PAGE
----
Wendy says, "Another area of caution is diffusing if you have animals. My usual suggestion is to be cautious with the amount of essential oil you use and for animals such as dogs or cats, always make sure that they have a space to “escape” to, whether this be outside or another area of the home. For animals that are confined (fish, birds etc) I do not recommend diffusing in rooms where they are located."
Here are some more safety tips to consider.
- Remove pets from the room when diffusing oils
- Diffuse for short periods of time
- Avoid using oils dangerous to pets
- Rotate the oils in your diffuser regularly
- Use a personal inhaler or apply topically instead
Oils to avoid completely- Thyme, wintergreen, clove, cinnamon, tea tree, pine, birch, oregano, spruce.
This is not a complete list and I urge you to research from many independent sources. I’ve compiled a resource full of links to independent research studies, dilution charts and links to information from the various worldwide aromatherapy councils which is a great place to start!
The most important thing of course is to enjoy bringing aromatherapy into our lives, and with a little common sense and safety we can do just that!
Sources & Contributors
Wendy Mackay is a professional accredited Aromatherapist and a member and past president of the International Aromatherapy and Aromatic Medicine Association (IAAMA), with over 20 years’ experience of using essential oils. Wendy is also the Founder and Director of Essence of Wellbeing Aromatherapy Products located on the beautiful Mornington Peninsula in Victoria, Australia. She is passionate about helping people to use essential oils safely and effectively.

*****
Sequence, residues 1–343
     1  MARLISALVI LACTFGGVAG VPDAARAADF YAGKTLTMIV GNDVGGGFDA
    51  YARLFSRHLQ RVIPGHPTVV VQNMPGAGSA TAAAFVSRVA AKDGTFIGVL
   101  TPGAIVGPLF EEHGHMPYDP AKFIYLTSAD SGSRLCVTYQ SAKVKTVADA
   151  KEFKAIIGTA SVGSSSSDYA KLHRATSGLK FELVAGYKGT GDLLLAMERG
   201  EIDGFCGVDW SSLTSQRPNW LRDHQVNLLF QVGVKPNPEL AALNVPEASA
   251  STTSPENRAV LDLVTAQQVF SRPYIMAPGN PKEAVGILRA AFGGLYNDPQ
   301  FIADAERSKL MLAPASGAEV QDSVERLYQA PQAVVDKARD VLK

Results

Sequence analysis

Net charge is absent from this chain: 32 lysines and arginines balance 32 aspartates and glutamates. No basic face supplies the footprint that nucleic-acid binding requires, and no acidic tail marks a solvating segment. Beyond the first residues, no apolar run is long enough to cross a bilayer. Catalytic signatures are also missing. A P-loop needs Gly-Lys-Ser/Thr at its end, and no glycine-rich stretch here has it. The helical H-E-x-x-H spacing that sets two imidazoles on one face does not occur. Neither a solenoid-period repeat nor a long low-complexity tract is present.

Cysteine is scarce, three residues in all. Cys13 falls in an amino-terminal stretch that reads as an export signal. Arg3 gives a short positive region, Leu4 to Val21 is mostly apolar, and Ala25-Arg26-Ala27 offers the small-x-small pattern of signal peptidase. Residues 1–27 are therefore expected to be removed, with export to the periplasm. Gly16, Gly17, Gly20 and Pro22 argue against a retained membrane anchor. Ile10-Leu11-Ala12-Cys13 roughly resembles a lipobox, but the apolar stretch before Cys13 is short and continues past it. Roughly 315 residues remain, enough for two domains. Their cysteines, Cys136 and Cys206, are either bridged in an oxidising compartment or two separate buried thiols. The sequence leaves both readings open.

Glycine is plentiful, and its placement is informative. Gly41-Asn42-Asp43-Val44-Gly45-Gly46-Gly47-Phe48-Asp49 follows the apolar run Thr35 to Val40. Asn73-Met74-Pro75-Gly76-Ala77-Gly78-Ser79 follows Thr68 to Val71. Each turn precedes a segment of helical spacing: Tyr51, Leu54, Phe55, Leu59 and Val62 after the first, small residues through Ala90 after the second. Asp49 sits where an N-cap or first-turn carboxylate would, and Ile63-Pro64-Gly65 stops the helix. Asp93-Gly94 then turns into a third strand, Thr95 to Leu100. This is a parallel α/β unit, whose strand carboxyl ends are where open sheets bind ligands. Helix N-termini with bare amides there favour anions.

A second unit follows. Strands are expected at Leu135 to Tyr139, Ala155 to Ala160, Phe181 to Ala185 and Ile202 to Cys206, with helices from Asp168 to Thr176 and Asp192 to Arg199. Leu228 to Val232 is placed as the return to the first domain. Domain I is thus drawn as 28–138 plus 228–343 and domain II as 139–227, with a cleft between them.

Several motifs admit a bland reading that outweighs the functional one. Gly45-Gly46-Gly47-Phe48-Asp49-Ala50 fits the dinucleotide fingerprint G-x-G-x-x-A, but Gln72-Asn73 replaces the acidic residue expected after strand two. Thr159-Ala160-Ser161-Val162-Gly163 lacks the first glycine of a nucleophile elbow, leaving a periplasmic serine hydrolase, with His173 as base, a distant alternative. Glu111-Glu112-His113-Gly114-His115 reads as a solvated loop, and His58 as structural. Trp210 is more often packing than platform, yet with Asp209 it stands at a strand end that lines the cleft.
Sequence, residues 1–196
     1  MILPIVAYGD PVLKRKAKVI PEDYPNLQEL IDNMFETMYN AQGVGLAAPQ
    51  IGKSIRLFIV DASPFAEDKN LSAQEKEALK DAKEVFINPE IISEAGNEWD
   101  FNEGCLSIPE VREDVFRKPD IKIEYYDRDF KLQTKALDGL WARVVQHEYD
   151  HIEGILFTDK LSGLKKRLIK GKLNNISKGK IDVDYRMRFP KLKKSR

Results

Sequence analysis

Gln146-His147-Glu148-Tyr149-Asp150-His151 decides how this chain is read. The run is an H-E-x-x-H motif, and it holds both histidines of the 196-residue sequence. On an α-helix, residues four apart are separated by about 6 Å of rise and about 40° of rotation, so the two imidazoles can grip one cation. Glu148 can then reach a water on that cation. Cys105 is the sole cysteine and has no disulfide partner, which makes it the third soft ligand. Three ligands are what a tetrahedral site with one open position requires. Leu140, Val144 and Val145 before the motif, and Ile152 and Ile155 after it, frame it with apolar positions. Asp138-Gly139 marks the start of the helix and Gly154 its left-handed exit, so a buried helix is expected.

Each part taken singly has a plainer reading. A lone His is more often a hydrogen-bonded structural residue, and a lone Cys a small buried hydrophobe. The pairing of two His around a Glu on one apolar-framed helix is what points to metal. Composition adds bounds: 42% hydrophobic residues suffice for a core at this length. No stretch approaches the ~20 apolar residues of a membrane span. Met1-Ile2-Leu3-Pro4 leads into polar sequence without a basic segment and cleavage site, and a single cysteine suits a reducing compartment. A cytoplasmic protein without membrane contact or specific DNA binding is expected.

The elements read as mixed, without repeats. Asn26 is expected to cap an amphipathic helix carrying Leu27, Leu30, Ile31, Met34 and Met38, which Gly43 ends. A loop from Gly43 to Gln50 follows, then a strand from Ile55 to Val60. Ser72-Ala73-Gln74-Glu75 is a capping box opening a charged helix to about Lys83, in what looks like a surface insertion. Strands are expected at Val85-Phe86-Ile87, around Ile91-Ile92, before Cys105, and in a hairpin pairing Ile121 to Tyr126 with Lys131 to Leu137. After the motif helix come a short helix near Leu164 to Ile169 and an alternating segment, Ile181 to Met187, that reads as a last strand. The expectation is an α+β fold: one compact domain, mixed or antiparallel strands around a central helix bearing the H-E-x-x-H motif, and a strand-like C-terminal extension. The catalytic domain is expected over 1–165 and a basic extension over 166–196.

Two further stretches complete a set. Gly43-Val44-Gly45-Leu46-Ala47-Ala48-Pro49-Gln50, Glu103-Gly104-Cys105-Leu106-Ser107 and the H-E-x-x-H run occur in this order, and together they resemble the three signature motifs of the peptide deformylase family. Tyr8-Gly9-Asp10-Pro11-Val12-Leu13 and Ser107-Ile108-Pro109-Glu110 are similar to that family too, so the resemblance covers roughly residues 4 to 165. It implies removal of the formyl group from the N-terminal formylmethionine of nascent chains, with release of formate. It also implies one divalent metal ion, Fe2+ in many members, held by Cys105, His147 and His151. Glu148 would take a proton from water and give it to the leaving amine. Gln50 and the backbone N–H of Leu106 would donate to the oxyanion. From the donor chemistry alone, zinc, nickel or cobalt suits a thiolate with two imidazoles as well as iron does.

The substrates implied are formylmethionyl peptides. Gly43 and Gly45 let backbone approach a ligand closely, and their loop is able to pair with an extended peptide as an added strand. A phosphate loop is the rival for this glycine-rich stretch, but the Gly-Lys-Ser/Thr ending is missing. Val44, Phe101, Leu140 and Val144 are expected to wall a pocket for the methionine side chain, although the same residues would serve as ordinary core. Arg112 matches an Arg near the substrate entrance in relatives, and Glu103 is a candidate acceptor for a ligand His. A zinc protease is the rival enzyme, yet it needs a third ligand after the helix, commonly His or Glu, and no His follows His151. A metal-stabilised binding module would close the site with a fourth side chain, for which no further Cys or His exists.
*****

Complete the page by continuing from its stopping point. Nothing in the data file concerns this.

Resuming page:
Wendy has many useful articles on her website. One regarding safety I particularly recommend, you can check it out here.
Sonya holds a Diploma of Clinical Aromatherapy and Massage, is a Registered Nurse and Midwife, Certified Infant Massage Instructor and mum to two daughters. She is passionate about the natural healing properties of essential oils and has over 16 years’ experience in using aromatherapy to promote health and wellbeing. Drawing on her qualifications, experience and passion Sonya founded Mother Nurture Aromatherapy and Massage to cater for mothers, mothers to be and their families. She also has a strong interest in women’s health and practises at two Melbourne locations.
If you’re lucky enough to be in Melbourne, Sonya has a Practical Aromatherapy for Families workshop coming up.
Further Reading- Quick Links to Safety Resources